Gina Conkle | Remember Your First Turkey?
November 21, 2013
You know what I'm talking about: the first Thanksgiving turkey you ever roasted.
How'd it come out?
No matter what happened, the meal was an expression of your love. But, memories
of disasters can be fun. They stick out in better than the successes, don't they?
Oh, and my first turkey? A crispy golden outside, raw pink inside disaster.
I hadn't mastered the concept of defrosting among other things. But, as I look
back, there were some bigger things going on in our little apartment.
Brian and I were newlyweds. But, I was too busy introducing my husband to
my family traditions that I forgot the little defrosting detail. It was
just the two of us since our families lived in different states. I wanted my new
husband to embrace the same get-ready-for-Christmas-early tradition that I'd
He, on the other hand, told me he didn't want the "big production" meal. Neither
did he want to set up our apartment for Christmas so early. In fact, he'd be
fine with a string of lights on the window and sandwiches. But, he made his new
wife happy and went along with the program.
My "dinner will be ready in two hours" stretched into three and four hours. The
turkey stayed solid rather than turn into the tender, juicy centerpiece of our
feast. But, I confidently moved forward with the mashed potatoes and other side
dishes, sure that I knew what I was doing.
Then, four hours turned into five. It got dark outside. I remember all 6'3" of
Brian flopping on our living room floor. The kitchen was a mess. He got cranky,
reminding me there were lots of other things we could be doing (yes, I
know what he had in mind).
Finally, that bird turned the desired golden brown. I put it on the table with
cold mashed potatoes, chilly green beans, and now dried out bread rolls. I had
Brian take a picture of me standing beside the table.
Then, we discovered the uncooked insides. Ugh!
We still laugh about that bird.
I tried to find evidence to share my awesome debacle with you. A photo exists,
somewhere. My husband chuckled and helped with the search when I told him what I
was doing. He vividly recalled that mostly raw turkey, forgetting all the other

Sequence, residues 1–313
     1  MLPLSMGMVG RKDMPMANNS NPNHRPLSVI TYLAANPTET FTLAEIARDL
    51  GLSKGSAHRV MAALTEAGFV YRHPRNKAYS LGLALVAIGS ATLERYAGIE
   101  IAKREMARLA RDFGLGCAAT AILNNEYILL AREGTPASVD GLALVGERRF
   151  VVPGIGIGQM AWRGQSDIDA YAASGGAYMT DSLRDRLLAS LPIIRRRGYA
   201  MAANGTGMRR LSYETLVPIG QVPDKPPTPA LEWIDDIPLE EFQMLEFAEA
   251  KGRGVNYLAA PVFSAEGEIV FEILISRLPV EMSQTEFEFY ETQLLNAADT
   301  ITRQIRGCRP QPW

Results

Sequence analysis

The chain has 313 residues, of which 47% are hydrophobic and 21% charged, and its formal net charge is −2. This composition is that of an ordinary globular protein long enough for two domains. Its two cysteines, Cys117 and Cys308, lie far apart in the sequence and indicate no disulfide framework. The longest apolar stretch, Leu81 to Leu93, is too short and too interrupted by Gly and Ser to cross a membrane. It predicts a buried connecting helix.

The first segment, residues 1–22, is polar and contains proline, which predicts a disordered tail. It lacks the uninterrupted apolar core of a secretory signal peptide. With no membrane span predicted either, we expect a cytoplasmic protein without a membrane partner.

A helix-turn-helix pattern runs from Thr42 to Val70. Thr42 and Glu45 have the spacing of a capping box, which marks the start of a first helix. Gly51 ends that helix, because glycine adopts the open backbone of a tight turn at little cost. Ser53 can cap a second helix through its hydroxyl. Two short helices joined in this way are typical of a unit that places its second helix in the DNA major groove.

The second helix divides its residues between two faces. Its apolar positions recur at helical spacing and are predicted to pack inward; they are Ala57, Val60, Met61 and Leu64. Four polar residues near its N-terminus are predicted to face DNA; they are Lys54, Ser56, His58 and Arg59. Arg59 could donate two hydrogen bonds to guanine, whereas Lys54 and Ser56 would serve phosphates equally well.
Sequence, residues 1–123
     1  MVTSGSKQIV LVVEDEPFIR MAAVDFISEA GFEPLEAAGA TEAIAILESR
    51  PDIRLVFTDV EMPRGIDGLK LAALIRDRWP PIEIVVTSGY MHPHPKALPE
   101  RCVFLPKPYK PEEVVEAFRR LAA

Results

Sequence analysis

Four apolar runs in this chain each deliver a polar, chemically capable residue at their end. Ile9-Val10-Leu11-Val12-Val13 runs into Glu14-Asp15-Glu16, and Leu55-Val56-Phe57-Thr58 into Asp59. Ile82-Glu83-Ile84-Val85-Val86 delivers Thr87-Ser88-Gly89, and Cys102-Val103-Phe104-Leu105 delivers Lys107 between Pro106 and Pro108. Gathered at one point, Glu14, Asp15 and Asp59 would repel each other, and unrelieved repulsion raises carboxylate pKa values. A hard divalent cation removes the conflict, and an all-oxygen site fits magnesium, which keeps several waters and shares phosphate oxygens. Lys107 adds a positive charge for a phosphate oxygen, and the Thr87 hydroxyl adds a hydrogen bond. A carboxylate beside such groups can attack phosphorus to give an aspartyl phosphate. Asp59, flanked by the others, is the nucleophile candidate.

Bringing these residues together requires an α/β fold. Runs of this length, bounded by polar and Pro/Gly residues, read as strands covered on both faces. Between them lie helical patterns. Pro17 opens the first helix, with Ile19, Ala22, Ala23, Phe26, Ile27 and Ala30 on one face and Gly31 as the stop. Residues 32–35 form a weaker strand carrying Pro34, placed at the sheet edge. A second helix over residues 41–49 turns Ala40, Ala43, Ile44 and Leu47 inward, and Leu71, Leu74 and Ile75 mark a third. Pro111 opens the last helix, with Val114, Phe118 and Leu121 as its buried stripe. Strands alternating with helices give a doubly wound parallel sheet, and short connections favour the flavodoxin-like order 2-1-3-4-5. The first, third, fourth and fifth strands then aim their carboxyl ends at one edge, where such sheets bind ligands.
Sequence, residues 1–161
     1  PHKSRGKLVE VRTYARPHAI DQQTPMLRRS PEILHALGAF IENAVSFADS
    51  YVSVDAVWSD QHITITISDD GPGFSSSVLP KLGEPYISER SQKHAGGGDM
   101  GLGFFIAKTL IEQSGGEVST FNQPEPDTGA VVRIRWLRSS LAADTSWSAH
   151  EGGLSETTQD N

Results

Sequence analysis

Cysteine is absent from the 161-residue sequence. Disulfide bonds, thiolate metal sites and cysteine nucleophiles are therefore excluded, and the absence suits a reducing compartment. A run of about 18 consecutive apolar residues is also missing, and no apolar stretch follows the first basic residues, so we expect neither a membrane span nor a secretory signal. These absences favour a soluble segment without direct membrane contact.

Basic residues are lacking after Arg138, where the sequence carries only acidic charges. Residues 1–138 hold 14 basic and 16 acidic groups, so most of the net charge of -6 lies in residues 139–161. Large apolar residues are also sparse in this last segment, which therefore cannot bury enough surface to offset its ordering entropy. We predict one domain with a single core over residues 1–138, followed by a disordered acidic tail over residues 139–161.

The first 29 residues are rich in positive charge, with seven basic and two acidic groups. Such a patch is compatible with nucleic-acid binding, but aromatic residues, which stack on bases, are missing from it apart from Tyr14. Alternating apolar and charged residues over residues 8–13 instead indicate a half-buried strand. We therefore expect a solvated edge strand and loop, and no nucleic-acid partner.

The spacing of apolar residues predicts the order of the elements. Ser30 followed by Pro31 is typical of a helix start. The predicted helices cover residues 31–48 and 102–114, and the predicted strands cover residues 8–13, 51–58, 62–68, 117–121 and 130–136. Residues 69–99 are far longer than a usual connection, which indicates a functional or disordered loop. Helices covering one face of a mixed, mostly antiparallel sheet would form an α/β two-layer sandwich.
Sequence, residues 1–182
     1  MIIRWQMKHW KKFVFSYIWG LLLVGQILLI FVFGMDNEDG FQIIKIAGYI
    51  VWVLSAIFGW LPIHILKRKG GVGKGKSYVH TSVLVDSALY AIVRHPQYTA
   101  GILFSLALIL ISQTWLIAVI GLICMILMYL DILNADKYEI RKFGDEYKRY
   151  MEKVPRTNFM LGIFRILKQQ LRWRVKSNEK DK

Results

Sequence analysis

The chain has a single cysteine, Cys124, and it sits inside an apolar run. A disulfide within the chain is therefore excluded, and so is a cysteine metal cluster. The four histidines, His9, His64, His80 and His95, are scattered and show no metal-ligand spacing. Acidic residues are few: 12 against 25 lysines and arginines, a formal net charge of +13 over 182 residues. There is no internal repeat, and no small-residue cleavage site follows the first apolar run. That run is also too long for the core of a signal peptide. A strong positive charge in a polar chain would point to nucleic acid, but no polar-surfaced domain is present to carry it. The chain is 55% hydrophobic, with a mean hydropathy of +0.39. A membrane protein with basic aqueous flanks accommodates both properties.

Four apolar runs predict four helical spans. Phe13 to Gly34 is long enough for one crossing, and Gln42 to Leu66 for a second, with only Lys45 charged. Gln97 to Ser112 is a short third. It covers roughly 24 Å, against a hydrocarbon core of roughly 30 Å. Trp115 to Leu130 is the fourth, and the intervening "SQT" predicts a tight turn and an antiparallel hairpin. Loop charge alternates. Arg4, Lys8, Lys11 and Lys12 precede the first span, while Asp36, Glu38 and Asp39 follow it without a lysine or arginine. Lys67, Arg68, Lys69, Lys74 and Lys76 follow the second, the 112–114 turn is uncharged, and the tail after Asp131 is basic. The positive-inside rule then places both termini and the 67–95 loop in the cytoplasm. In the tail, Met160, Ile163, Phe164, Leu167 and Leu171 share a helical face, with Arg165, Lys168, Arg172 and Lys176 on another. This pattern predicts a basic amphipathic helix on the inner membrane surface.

masterpieces since then. But, Thanksgiving comes with all kinds memories,
I learned something from that night of cold food. Past family traditions are
great. But, it's even better to create new ones. I also learned my new husband's
excellent skill at making me laugh in the oddest moments. Not a bad discovery.
Love works that way, giving you gifts in the most surprising situations.
Now, it's your turn. Please share your "first ever" turkey story. You can leave
a comment here or go to my
website and leave a longer story on my "contact" page.
And thank you, Fresh Fiction, for hosting me. This has been a pleasure!
8 comments posted.
Re: Gina Conkle | Remember Your First Turkey?
Just brings back memories of my "first pumpkin pie" for my husband. I must have forgot some ingredient, not sure what it was. It looked fine going into the oven (at least to me, but coming out of the oven after the timer went off, was this "thing" that looked like a pizza, only a pumpkin pizza. Crust wasn't too bad looking, nor did it taste bad. However, at the bottom of the "pie" was my filling - sitting there looking deflated, like all the air was gone out of it. To this day, my husband and I laugh about my first pie, of which thankfully I have been able to make a great pie that tastes and looks like a real pie.
(C Culp 10:28am November 21, 2013)
I am afraid that I had a similar experience of not
defrosting the Turkey well enough. However, the debacle was
shared with my brother and sister. We were in our teens and